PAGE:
Gender differences in HIV manifestations at presentation to care and continuity of care among HIV-infected persons in Taiwan

Nai Ying Ko, Yi Yin Lai, Hsiao Ying Liu, Wen Chien Ko, Chia Ming Chang, Nan Yao Lee, Po Lin Chen, Chi Juan Wu, Hsin Chun Lee

Research output: Contribution to journalReview articlepeer-review

6 Citations (Scopus)


The study aimed to compare the gender difference in clinical manifestations at time of HIV diagnosis and after one year of antiretroviral therapy, and to determine the influence of gender on HIV care continuity. A retrospective study was conducted using chart review of adults diagnosed with HIV infection from 1993-2008 at a university-affiliated AIDS-designated hospital in Taiwan. Men who acknowledged having sex with men were excluded in order to compare the gender differences among patients with similar routes of HIV transmission and social context. Of the 682 patients with HIV, 86.6% were men. There were no significant gender differences in clinical, immunological or virological parameters at baseline. After one year of antiretroviral therapy, the curves of changes in CD4 cell counts in men and women were parallel over time. Continuity of care, referring to at least one appointment in each six-month window during 2005-2008, was significantly associated with age 50 years (OR = 2.54, 95% CI: 1.04-6.16), being enrolled in the case management programme (OR = 4.93, 95% CI: 2.53-9.62), acquisition of HIV via heterosexual contact (OR = 3.63, 95% CI: 1.38-9.55), CD4 lymphocyte count 200 counts/mm3 at baseline (OR = 3.09, 95% CI: 1.38-6.96), being on highly active antiretroviral therapy (OR = 4.77, 95% CI: 2.37-9.59), and with sero-discordant partners (OR = 2.51, 95% CI: 1.07-5.87). The findings indicate that gender does not appear to be associated with HIV disease manifestations and continuity of care. Further research to develop optimal methods to retain patients in HIV care is needed.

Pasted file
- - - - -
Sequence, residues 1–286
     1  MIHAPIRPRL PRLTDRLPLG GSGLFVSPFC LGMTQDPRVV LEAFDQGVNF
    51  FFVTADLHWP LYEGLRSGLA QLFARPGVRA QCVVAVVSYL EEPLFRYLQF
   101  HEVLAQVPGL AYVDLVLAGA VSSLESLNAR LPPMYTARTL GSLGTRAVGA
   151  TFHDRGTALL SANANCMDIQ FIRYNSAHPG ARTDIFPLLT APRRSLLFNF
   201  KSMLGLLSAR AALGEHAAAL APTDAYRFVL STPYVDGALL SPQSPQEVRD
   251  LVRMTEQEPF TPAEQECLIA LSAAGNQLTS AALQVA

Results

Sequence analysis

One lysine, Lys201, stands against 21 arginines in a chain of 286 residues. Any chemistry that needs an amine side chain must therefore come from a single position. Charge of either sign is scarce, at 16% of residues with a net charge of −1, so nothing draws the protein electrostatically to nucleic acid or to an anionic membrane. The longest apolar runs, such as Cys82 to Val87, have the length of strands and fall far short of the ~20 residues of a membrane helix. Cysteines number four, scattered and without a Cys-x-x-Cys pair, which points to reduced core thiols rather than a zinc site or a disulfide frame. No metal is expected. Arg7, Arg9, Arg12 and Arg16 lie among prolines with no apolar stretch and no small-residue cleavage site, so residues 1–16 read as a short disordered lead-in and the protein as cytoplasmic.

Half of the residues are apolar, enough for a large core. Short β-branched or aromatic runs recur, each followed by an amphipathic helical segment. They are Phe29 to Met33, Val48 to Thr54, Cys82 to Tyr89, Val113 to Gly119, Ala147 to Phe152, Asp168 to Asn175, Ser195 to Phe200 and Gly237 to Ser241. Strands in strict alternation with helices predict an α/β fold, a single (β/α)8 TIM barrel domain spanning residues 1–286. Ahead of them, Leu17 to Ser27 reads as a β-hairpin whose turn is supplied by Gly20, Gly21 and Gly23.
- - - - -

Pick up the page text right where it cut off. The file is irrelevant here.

Original languageEnglish
Pages (from-to)1254-1263
Number of pages10
JournalAIDS Care - Psychological and Socio-Medical Aspects of AIDS/HIV
Issue number10
Publication statusPublished - 2011 Oct

All Science Journal Classification (ASJC) codes

  • Health(social science)
  • Social Psychology
  • Public Health, Environmental and Occupational Health


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